A spectacular tidal bore on the Qiantang River in east China's Zhejiang Province attracted a large number of tourists from across the country on Saturday, the third day of the eight-day break for National Day and Mid-Autumn Festival.
The bore traveled 55 kilometers from the East China Sea to reach Daquekou, one of the best viewing points for tidal bores on the river.
At noon, the tide reached Yanguan Town where it evolved into a one-line tidal bore, inspiring tourists to snap pictures with their smartphones.
The tidal bore is caused by the gravitational pull of the stars and planets. The centrifugal force produced by the rotation of the earth and by the trumpet shape of Hangzhou Bay in Zhejiang makes it easy for the tide to come in, but difficult for it to ebb.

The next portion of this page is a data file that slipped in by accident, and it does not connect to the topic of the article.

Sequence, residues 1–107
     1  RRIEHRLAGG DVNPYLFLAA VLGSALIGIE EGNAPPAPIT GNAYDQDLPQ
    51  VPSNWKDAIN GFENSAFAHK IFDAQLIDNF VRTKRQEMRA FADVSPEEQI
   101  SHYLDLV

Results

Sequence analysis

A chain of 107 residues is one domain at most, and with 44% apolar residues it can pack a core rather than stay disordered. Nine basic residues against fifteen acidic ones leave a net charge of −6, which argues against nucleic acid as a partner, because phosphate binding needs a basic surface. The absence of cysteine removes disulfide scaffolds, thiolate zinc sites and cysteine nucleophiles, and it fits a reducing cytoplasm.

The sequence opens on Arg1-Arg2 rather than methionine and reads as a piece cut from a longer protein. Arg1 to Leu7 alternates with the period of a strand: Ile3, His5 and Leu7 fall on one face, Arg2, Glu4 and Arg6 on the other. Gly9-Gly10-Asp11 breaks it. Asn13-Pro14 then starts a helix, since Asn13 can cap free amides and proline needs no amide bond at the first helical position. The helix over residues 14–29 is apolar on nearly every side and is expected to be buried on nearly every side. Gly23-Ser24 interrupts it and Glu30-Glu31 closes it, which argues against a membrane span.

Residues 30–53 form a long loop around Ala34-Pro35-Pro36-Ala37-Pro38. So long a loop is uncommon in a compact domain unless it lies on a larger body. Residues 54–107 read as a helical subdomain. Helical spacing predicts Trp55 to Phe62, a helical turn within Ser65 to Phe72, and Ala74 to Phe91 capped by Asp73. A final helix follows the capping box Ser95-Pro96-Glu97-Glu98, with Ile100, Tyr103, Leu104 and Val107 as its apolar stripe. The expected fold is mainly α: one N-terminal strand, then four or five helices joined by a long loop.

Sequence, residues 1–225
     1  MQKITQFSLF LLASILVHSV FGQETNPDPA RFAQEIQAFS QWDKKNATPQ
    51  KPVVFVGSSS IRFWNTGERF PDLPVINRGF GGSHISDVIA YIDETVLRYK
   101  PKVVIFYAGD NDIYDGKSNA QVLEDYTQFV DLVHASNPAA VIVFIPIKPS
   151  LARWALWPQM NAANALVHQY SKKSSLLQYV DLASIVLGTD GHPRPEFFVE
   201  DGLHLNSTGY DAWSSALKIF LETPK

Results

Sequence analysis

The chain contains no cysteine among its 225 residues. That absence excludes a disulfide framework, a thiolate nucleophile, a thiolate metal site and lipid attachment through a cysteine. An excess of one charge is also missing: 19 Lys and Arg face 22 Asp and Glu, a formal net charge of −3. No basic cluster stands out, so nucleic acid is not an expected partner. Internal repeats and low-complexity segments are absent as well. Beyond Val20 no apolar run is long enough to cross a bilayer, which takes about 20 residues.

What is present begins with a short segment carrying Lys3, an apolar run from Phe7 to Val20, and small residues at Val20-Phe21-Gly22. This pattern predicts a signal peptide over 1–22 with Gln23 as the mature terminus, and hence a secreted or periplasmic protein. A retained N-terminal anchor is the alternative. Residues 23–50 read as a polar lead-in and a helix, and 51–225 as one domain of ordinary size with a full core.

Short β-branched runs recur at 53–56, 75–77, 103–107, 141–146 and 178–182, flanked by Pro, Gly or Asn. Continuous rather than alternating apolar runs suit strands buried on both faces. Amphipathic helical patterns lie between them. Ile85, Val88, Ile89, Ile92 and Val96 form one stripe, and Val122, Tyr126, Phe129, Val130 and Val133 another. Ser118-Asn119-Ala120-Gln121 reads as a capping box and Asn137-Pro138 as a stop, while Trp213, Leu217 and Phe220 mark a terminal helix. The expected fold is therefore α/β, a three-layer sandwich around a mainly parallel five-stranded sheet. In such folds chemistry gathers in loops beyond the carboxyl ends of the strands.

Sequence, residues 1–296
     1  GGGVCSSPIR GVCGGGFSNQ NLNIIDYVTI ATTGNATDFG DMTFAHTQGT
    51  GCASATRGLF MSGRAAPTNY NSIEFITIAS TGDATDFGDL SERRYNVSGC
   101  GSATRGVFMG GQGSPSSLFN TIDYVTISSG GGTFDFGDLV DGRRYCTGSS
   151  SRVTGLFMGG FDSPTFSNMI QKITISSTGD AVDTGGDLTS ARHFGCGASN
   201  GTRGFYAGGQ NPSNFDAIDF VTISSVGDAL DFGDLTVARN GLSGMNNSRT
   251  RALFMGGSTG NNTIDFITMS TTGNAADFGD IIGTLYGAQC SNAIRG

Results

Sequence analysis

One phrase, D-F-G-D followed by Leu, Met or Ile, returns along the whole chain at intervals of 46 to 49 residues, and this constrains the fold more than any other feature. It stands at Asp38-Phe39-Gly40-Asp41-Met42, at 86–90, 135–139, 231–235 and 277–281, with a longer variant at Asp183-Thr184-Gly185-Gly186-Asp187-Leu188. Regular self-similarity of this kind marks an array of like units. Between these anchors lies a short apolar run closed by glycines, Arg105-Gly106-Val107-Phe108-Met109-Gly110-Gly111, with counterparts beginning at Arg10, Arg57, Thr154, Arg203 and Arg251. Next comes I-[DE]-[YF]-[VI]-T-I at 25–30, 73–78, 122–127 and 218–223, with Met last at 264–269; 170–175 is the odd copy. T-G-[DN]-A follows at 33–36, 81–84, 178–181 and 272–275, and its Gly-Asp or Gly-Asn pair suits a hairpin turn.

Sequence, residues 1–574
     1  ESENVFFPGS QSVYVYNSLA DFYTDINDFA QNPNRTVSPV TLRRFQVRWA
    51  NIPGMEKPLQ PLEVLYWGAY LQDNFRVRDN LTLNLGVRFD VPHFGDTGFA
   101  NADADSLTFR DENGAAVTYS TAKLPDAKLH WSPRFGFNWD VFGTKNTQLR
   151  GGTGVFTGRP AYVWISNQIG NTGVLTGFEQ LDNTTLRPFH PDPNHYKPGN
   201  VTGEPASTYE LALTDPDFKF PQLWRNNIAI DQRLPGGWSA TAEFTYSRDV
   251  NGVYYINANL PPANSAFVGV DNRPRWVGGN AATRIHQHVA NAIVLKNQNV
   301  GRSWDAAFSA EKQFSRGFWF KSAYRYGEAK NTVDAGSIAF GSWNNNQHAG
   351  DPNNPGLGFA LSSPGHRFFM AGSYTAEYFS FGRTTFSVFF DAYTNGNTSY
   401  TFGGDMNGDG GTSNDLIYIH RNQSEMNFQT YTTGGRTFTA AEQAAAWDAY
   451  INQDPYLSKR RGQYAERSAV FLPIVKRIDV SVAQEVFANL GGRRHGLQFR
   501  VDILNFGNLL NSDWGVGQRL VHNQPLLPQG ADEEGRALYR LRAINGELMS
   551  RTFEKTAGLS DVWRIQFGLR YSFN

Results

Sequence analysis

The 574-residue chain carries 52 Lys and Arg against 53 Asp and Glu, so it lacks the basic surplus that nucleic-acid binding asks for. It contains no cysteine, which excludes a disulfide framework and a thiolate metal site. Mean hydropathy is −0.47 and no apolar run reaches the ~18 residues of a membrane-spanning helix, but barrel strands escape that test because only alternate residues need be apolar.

Qiantang River is known for the world's largest tidal bore, which is locally called the Silver Dragon.
The best time of year to see the Qiantang tidal bore is midway through the eighth month on the Chinese lunar calendar, often during the Mid-Autumn Festival.
Zhejiang has made continuous efforts to strengthen the riverbank as defenses to the possibly destructive tides since ancient times.
A centuries-old seawall in Haining, with its solid structure and enduring bases, is known as one of the three major projects in ancient China along with the Great Wall and the Beijing-Hangzhou Grand Canal.